Edmond Terakopian has been a photojournalist since 1989. His first taste of Leica came during the same year when he borrowed his father’s friend’s Leica M3 along with 35mm and 50mm lenses to take on assignment when he started on his local newspaper. Amongst his awards are a World Press Photo award for Spot News as well as being the British Press Awards Photographer of the Year. His work has been exhibited widely as well as being published in the majority of the world’s newspapers and magazines. Here Edmond shares the story behind his coverage of one of the year’s most anticipated events, the Royal wedding of Prince William and Kate Middleton.

One of the most popular picture sets I have shot has been the Royal wedding of Kate and William. Although five months have passed, the set still gets visitors with people constantly commenting on the images and the mood they convey. The black and white edit, my personal favourite set, has to date had almost 50,000 views. There is a timeless value to them; the black and white certainly adding to this, but more so with the street celebrations being very traditionally a British thing, along with the magnificent architecture of Westminster Abbey, The Mall and Buckingham Palace adding to this feel and look.

A British Royal wedding is always big news; not only for the UK but also internationally. My agency Polaris Images wanted me to cover the story but it had to be done in an interesting way to appeal to our magazine -based clients around the world. Wanting to do something which was unique and complete as a picture story, meant that any shots of the actual marriage would not work as all it would produce would be shots from one aspect (e.g. Westminster Abbey or Buckingham Palace). Logistically it would be impossible to move around as it would be one fixed position. I was more after an approach which would lead to a magazine story and decided that I would do the atmosphere of the wedding. After two weeks of research I found a traditional British style street party that would fit the bill. One other aspect which I found visually interesting was the whole memorabilia craze; everything from ashtrays to tea! This was fast becoming another aspect of the story for me.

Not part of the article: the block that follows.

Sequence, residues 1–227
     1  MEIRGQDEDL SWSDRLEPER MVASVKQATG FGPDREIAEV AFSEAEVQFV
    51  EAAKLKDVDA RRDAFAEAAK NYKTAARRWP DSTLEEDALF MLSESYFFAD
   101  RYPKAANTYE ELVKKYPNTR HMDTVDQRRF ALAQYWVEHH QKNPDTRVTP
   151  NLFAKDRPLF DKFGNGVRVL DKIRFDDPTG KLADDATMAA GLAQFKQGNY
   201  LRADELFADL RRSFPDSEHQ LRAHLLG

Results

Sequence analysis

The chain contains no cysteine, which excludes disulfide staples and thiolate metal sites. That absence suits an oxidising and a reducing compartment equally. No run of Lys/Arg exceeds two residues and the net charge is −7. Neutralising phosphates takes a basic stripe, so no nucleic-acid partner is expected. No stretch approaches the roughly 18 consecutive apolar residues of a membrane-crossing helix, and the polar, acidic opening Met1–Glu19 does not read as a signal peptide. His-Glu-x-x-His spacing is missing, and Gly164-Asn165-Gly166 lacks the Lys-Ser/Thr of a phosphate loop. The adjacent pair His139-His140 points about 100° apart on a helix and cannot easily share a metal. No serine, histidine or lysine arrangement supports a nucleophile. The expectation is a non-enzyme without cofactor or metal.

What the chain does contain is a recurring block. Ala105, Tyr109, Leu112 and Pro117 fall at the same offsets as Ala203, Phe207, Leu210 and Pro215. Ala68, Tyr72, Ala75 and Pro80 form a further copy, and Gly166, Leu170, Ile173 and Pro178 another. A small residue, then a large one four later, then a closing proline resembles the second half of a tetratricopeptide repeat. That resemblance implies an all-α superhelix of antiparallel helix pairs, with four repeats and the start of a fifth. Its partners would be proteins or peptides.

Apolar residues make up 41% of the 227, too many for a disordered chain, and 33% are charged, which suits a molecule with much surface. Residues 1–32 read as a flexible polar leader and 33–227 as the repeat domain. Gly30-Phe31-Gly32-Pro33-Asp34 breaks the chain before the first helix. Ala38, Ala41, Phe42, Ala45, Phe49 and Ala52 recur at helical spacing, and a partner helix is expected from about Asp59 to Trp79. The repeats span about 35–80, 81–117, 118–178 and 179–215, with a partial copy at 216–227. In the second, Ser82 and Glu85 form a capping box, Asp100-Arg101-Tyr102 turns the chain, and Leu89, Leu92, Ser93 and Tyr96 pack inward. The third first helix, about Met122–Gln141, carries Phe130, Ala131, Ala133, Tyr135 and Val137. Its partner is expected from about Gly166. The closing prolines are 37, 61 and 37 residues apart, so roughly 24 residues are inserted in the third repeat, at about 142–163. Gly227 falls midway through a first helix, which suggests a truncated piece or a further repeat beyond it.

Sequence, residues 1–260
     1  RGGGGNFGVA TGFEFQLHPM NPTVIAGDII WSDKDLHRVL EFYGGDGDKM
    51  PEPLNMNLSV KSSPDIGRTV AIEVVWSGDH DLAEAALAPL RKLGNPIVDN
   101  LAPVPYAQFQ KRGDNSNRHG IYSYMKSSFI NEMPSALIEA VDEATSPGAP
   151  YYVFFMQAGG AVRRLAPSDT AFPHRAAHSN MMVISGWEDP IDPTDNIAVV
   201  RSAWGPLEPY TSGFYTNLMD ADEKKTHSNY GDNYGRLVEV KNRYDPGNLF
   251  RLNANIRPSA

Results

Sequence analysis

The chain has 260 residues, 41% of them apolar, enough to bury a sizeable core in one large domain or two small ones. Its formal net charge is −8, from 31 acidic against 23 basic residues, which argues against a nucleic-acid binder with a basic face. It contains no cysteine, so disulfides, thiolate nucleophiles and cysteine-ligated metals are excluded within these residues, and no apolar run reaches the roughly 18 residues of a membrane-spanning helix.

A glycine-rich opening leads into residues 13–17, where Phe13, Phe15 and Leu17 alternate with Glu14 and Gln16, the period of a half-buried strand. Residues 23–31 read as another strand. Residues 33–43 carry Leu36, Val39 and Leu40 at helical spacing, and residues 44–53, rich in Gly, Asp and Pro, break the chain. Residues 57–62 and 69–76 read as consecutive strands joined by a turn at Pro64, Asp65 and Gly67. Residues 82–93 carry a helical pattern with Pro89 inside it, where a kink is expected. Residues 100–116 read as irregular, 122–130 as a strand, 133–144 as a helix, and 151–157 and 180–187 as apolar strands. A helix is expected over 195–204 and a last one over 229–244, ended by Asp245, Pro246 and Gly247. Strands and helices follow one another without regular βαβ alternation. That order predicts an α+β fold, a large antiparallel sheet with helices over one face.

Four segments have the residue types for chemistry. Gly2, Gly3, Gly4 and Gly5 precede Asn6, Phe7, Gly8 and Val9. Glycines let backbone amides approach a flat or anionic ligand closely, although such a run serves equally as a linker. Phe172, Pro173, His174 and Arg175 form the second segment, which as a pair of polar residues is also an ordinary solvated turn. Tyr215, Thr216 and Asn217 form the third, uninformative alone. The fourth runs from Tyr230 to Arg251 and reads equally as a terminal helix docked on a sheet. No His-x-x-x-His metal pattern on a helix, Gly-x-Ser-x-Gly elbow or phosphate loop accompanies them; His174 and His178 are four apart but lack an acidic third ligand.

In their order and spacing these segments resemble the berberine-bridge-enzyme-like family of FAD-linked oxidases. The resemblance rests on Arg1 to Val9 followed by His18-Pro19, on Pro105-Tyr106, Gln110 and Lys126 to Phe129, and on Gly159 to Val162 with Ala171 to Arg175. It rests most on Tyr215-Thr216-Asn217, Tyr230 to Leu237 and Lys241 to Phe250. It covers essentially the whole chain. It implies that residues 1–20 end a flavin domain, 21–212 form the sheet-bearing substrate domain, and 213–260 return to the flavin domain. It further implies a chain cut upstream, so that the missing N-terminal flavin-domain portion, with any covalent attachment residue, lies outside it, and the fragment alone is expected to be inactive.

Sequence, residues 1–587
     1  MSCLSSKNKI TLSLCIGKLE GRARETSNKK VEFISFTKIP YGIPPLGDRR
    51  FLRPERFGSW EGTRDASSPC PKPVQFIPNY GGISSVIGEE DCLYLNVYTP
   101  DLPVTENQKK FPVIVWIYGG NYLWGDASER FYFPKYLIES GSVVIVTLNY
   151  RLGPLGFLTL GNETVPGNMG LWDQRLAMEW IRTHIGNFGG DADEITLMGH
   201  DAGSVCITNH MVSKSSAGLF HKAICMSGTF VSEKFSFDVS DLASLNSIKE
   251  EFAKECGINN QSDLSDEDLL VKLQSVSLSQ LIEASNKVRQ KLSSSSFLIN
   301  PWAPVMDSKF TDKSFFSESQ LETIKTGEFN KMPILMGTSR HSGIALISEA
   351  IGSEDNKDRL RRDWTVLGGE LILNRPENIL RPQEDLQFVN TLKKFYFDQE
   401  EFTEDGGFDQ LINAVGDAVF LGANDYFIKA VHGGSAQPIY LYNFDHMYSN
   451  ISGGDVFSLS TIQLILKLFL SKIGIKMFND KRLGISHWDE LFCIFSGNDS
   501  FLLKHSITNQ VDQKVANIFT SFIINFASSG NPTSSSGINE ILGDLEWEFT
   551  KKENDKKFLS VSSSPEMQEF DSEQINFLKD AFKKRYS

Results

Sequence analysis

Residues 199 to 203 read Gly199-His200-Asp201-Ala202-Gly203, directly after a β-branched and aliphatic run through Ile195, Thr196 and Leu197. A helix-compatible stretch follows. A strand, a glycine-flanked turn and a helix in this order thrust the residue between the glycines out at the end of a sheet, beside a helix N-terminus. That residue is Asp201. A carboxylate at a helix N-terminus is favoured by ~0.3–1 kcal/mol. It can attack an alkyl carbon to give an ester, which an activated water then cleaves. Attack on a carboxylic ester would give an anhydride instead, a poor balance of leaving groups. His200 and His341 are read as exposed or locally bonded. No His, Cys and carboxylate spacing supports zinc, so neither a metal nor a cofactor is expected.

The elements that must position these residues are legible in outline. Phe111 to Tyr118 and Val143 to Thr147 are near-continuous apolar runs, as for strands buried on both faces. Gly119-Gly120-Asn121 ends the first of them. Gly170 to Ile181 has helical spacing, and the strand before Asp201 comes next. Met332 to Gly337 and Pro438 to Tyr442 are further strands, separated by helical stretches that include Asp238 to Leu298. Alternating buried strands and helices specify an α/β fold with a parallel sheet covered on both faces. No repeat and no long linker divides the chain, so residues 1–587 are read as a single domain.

Whilst out at a photographic awards ceremony two nights before the big day, I got an urgent email from one of my picture editors who had seen fans camping outside Westminster Abbey. I hadn’t planned on this. I was in my suit and all I had with me was my Leica X1. The second the ceremony finished, I rushed outside, jumped in a black London taxi and made my way toward the Abbey. The quality of pictures from the Leica X1 are so good that I was more than confident of being able to make some good photographs, even at high ISO settings.

I spent around an hour photographing the super fans. They had indeed built a little tent city and there was a lot of atmosphere. The next day I returned, but this time with my Leica M9 kit (21mm Elmarit, 35mm Summicron ASPH, 50mm Noctilux ASPH and 90mm Summarit). The tent city had grown as had the number of super fans. Loads of flags and, as I explored, loads of interesting characters emerged. Once I’d finished, I moved onto Buckingham Palace and The Mall where I knew more fans had begun to camp. Wandering around, meeting interesting folk and making interesting pictures — what a great day.

The next day was the day of the wedding so I got to the pub which had organised the street party. In proper British style, the street was closed off, tables and chairs were set out and bunting was hung between homes on either side. I began to work inside the pub at first where people had gathered to watch the ceremony on TVs. Although dim, the Noctilux made things easy and I got some wonderful images of the atmosphere and reaction of the people watching Prince William and Kate. The expressions perfectly mirrored the ceremony itself.

After the ceremony the party was in full swing and it was just a matter of looking out for moments. Laughter, dancing and good cheer made it an absolute joy to shoot. It had taken three days of work and weeks of research but I’d done it; I’d covered the Royal wedding in a photographically interesting and unique way.

-Edmond Terakopian

Edmond’s work can be seen on www.terakopian.com. He also has a popular blog, photothisandthat.co.uk, and you can follow him on Twitter, @terakopian. Lastly, he’s a big fan of Flickr and shares a lot of his passion for street photography there, www.flickr.com/photos/terakopian.